Raman imaging microscopy is a valuable technique for hyperchemical characterization of micro- and nanostructures. The essential advantages of Raman spectral imaging will be illustrated with examples in polymer, pharmaceutical, gemological, semiconductor, ceramic, and biological applications.
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“EXCELIBR”: An Excel Spreadsheet for Solving the Optical Orientation of Uniaxial and Biaxial Crystals
C.J. Steven and M.E. Gunter — Geological Sciences, University of Idaho
The polarized light microscope remains the single most useful tool in identifying minerals. Using a spindle stage, the microscopist can orient a crystal’s principle refractive index (RI) vectors with the polarizer. Finding the principle RI vectors is accomplished by using either conoscopic methods, or more simply, using extinction data as inputs in the program EXCALIBR. The use of EXCALIBR has major advantages over conoscopic methods, but it is hindered by interface and compatibility issues. Presented here is a Microsoft Excel spreadsheet, which the authors have named “EXCELIBR,” which performs operations similar to EXCALIBR, including solving for the optical orientation of biaxial or uniaxial minerals using extinction data. With Excel as the interface, EXCELIBR is more accessible, familiar, and versatile for the user. This spreadsheet is useful for preliminary screening of a crystal for X-ray studies, optical characterization of minerals, and rapid mineral identification. Included with the crystal orienting calculations are tabs for double variation, RI modeling, and compensator plate calculations.
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A Microscopical Trip Down Memory Lane: 40+ Years of McCrone Christmas Card Photomicrography
Sebastian B. Sparenga — McCrone Research Institute
McCrone Research Institute recently assembled a collection of all the known Christmas cards that were produced for the various McCrone enterprises over the past several decades. It was such an impressive display that it needs to be shared. This talk will review selected Christmas card photomicrographs and provide insight on how some of these magnificent images were produced.
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Microscopical Analyses of Construction Products Derived from Industrial Waste
Arthur Struss — USG Corp. (retired)
Companies such as USG Corp. turn air pollutants and waste materials into useful products. Sulfur dioxide emissions from coal-fired power plants are converted to gypsum for wallboard. 100% of the paper used on wallboard is from recycled paper. Fly ash from coal combustion is used in cement. Waste slag from iron and copper smelters is spun into mineral wool for fire-rated ceiling tile and for insulation.

Microscopical analyses are an essential part of utilizing industrial waste in construction products. Flue gas desulfurization gypsum is analyzed microscopically to determine crystal size and morphology and to identify contaminants. Measurement of mineral wool fiber diameter is important, as well as the study of cement porosity and the void structure in wallboard. Examples of these investigations will show how microscopy is used to solve problems related to using industrial waste in construction products.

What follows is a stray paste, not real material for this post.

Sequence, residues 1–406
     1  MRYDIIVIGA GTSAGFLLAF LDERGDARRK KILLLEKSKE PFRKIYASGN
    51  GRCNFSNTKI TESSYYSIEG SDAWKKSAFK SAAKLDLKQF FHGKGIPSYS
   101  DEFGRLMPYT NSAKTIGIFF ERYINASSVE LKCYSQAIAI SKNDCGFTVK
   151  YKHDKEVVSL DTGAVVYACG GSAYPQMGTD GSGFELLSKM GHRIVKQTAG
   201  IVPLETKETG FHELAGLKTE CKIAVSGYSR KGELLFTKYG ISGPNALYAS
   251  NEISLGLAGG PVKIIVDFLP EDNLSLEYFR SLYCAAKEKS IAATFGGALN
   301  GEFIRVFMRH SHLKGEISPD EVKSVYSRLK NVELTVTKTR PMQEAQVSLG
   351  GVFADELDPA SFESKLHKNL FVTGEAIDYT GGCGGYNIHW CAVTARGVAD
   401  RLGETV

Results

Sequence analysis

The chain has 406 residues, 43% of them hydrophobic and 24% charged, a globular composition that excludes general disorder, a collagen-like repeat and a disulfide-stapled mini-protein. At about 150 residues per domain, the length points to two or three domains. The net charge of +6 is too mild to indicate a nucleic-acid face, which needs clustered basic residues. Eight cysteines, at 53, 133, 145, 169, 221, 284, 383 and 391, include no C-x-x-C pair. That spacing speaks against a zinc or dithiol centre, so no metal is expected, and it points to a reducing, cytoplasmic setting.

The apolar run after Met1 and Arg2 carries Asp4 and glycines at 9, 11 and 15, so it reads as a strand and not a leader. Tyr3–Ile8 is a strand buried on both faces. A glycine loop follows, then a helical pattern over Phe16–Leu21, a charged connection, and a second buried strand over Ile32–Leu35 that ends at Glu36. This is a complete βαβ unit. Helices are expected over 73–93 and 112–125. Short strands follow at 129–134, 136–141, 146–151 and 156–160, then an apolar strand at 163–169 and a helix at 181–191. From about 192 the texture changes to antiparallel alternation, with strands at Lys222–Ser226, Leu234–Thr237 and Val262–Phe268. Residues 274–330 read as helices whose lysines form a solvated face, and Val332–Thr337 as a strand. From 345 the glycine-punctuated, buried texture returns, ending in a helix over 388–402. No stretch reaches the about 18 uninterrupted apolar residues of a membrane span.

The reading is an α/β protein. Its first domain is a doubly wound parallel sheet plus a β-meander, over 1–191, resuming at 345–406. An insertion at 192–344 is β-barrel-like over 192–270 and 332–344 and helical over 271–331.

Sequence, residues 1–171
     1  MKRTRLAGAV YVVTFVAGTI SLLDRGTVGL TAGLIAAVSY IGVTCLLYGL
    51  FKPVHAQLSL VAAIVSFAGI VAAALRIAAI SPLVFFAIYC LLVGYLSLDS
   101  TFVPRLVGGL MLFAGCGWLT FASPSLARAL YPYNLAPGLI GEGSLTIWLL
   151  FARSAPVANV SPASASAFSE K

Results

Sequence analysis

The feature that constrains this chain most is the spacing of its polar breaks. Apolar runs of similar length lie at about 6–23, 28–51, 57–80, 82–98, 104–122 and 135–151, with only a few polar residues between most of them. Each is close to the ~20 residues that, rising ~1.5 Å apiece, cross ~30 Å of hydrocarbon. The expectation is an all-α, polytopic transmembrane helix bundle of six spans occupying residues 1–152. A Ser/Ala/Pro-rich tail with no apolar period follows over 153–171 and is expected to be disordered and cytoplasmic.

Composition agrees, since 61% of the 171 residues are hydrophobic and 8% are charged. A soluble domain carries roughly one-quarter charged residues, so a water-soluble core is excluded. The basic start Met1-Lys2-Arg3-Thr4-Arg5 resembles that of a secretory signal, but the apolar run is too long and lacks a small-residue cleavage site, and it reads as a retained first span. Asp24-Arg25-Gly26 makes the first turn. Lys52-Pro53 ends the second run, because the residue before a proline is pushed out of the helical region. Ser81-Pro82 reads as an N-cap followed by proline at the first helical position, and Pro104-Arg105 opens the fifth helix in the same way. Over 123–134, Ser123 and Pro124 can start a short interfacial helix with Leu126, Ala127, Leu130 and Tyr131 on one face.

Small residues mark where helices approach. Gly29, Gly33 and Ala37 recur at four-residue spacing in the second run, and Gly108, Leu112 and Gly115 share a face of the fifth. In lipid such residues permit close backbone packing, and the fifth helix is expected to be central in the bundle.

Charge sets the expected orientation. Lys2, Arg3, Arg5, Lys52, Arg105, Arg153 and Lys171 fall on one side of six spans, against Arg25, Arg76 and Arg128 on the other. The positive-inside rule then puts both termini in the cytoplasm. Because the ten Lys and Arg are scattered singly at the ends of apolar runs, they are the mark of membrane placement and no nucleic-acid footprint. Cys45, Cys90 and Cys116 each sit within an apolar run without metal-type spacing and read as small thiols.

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A Forensic Study of Known Toner Nanoparticles
Katie M. White and Christopher S. Palenik — Microtrace, LLC
Whether we are aware of them or not, small particles abound in the environments that surround us. Small particles may be engineered for use in manufactured products, be present in dusts generated from man-made industrial processes, or occur naturally in the environment. Some of these particles are just barely visible, while others are so small that they cannot be resolved by the human eye. These subvisible and submicrometer particles (nanoparticles) offer potential as forensic evidence, but they are presently unexploited due to the challenges that their small size present.

One example of subvisible particles is the toner powder used in laser printers and copiers. Presently, most existing research on forensic toner analysis focuses on document examination, i.e., analysis of printed toner, rather than on trace evidence. However, toner is widely used, and these small particles are easily transferred and rarely noticed. Identification of trace amounts of toner, e.g., on hands or clothing or in dust, could be used to provide investigative leads or associate them with a scene and/or victim, particularly if the particles are suggestive of a specific toner.

This presentation will discuss the results from an analytical study of more than 50 different toner samples. This research evaluates microscopic morphologies observed by light microscopy and scanning electron microscopy, and chemical properties determined by Raman spectroscopy, of the known toner samples, providing methods that can be used in the forensic laboratory to identify and classify toner particles. Analytical differences observed within the sample set, the prevalence of background toner particles in different environments, and limitations of this approach will be covered.
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Investigation of Malaysia Airlines Flight MH17
Peter Zoon and Erwin Vermeij — Netherlands Forensic Institute
In the afternoon of July 17, 2014, Malaysia Airlines flight MH17 from Amsterdam to Kuala Lumpur crashed near Hrabove in eastern Ukraine. All 298 passengers and crew were killed. Initial reports hint at a non-accidental cause of the crash. At the time of the crash, an armed conflict between Ukrainian military and armed pro-Russia forces was taking place, which prevented the possibility of investigating at the crash site. Human remains and wreckage parts were eventually returned to the Netherlands.

On July 23, 2014, the disaster victim identification (DVI) process started at the Cpl. Van Oudheusden barracks in Hilversum. A forensic triage was set up within the DVI process to obtain forensic evidence. Mobile CT scanning, X-ray scanning, and handheld X-ray scanning were used in this triage to identify fragments from the wreckage. In December 2014, wreckage parts arrived in the Netherlands and a similar forensic triage was established.

Scanning electron microscopy coupled with energy-dispersive X-ray spectroscopy (SEM-EDS) analysis of the fragments in combination with a focused ion beam (FIB) setup to create in situ surface cross-sections were successful in identifying the origin of the fragments. Laser ablation ICPMS analysis yielded quantitative elemental compositions of the recovered fragments and the relationship between the fragments from the human remains and the wreckage parts.